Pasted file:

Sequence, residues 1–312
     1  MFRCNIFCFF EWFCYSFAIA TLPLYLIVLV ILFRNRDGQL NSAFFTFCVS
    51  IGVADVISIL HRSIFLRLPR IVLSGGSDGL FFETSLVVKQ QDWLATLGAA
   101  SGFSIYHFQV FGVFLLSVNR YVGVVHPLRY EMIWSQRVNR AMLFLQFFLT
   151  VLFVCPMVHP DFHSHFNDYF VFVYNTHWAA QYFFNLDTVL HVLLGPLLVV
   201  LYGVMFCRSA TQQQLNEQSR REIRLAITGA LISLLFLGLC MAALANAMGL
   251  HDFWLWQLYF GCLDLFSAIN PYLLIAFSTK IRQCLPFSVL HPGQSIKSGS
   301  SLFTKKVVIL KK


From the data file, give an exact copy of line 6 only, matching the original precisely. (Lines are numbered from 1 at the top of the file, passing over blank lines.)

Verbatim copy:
   201  LYGVMFCRSA TQQQLNEQSR REIRLAITGA LISLLFLGLC MAALANAMGL